From what you’ve said about your goals – you’ll have two bigger challenges (not including the challenges of launching and recovering):
      First capturing the sound – You’ll need to use the GoPro case which allows sound, when it slows it’s ascent after passing through the jet stream you should be able to hear it well. The pressure may actually change the sound though, should be really interesting. The bigger problem will after the balloon bursts and it starts to descend – there is a lot of wind. I would place the mp3 player as close to the back of the GoPro as possible. You could test this – setup your GoPro and MP3 unit together and strap it on your car – turn both on, and drive around at about 50-60 miles per hour (90km) – see if you can hear the music.

      You also say you want to stream the video – is this during the flight or after you recover? If during the flight this is beyond my expertise – as it would require transmitting the images and sound live, which we have never done. I have seen others attempt to transmit via radio the video, you would need to search this out.

      Sounds like a really ambitious and exciting project – let us know if we can help or even be one of your 13 launches, we’d be happy to participate

      Ken and Josh
      The JHAB Project.

  2. Hello there,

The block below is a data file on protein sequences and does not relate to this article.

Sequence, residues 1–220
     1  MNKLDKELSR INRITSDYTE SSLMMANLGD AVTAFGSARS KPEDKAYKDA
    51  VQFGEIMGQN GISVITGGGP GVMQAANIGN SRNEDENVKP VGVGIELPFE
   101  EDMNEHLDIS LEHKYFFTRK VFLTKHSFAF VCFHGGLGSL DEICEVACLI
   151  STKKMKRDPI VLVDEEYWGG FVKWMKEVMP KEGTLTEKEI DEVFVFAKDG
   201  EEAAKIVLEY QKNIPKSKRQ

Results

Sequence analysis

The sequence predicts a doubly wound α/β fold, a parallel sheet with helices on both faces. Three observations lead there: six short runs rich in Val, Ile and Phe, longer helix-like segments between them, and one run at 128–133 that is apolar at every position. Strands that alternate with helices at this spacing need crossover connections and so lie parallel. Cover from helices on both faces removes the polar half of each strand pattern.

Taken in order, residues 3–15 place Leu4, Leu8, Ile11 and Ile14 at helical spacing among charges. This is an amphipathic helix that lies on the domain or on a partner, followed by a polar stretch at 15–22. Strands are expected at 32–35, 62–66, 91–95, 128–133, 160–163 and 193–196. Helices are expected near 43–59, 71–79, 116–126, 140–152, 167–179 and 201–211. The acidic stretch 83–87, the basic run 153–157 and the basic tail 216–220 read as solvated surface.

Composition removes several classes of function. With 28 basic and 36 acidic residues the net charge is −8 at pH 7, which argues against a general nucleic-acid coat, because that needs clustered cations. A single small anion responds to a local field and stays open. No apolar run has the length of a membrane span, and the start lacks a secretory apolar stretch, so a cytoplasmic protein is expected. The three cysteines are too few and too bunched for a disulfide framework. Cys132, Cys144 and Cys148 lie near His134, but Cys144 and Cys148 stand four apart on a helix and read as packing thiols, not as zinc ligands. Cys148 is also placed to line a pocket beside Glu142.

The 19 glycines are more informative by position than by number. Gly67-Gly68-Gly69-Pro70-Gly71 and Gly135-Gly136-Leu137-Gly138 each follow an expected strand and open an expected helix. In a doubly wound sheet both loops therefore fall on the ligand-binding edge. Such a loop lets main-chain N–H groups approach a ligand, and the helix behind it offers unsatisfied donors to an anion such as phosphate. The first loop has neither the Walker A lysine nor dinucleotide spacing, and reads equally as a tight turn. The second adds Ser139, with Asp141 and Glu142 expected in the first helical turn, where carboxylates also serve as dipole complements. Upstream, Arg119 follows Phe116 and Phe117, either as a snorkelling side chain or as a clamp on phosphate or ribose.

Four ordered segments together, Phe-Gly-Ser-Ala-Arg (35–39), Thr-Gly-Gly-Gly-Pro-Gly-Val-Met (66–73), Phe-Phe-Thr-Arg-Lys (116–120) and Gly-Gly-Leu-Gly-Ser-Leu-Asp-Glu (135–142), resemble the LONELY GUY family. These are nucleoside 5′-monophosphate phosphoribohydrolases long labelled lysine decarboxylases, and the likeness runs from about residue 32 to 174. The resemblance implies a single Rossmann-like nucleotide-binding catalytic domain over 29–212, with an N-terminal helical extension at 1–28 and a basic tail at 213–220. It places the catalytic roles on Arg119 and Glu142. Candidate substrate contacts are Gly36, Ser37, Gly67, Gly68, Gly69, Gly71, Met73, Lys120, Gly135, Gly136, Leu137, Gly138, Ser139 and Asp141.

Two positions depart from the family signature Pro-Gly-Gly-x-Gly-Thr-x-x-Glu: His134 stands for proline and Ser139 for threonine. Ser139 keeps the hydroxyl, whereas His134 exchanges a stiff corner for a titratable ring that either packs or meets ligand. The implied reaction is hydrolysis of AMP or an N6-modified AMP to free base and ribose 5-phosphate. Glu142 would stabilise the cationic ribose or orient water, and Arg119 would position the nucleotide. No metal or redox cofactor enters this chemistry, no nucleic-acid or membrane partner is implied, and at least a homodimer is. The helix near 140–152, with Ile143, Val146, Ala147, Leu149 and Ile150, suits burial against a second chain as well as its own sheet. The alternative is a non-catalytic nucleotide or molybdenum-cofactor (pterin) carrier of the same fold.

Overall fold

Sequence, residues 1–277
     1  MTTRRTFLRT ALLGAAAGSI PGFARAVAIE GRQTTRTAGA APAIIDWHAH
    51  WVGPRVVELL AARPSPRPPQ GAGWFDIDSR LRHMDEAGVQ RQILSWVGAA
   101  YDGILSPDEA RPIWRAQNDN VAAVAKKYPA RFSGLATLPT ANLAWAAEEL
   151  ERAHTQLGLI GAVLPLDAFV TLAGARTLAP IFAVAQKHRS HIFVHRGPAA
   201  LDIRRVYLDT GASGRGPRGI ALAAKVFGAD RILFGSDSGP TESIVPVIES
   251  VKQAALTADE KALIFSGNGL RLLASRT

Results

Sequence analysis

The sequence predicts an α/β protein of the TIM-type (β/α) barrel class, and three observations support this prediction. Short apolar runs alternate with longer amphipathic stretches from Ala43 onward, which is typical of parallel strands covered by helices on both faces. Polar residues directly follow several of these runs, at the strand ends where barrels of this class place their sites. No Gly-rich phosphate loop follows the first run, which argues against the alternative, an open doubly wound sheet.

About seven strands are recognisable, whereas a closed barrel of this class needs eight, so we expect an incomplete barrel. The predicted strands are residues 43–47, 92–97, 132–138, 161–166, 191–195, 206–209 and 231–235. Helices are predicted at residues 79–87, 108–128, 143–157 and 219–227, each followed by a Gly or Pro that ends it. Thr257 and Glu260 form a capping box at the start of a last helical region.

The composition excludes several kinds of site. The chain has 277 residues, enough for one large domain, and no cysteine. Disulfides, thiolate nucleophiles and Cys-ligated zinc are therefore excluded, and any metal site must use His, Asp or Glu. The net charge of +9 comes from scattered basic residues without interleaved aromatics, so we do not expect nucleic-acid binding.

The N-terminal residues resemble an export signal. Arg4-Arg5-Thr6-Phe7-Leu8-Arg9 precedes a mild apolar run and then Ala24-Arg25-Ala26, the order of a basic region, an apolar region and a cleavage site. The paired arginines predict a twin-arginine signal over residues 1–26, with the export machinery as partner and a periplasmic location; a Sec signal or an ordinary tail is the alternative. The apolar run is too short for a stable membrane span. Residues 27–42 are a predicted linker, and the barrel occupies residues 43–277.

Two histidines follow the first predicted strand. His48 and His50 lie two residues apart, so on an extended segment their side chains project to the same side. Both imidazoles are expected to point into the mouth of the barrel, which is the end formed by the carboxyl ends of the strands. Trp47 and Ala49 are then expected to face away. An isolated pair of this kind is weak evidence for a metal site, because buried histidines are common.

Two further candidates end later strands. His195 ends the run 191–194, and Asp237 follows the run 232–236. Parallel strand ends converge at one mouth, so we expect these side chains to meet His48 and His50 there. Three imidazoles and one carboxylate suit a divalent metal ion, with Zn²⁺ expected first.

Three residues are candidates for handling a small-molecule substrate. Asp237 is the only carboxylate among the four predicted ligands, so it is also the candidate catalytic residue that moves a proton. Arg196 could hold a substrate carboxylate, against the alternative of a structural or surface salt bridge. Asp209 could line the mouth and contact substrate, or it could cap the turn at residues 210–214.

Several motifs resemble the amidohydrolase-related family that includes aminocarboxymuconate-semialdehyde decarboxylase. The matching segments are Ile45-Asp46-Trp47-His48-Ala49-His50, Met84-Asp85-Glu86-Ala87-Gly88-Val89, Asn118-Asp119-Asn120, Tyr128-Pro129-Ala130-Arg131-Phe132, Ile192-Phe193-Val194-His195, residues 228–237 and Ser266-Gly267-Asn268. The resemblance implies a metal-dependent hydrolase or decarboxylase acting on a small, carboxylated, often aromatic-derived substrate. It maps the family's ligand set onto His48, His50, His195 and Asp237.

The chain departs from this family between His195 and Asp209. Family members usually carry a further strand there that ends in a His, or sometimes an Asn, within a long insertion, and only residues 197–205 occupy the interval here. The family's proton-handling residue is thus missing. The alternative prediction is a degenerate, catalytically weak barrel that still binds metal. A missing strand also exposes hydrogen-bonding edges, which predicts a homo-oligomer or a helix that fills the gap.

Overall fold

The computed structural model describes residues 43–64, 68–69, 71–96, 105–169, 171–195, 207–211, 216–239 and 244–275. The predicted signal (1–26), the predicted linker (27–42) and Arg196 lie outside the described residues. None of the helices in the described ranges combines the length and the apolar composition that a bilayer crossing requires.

You are awesome. I am a student of Cyprus University of Technology, and i’ve searched similar projects. I have experience with arduino-microcontrollers- and i want to make with my scientists research partners the same project but because my father is a ham radio operator i want to combine it with something ham. I don’t know mayby to transmit live something.

    Continue with god bless,
    Thank you!

  3. Dear JHAB Project,

    I really liked your launches, especially the second one. I’m interested in model rockets, balloons, and science in general.
    I have a suggestion. If you launch another balloon, I think I know how your payload can exceed 130,000 feet. Kaymontballoons.com [the company you buy your balloons from] largest balloon’s estimated burst altitude is 118,500 feet [if the payload weighs 4.4 pounds], and [provided you got Level 1 High Power Certified] could make a model rocket that could travel the remaining distance to 130,000 feet! (I would keep 2,000 spare feet with the rocket, just in case.) This is a sequence of how it might work.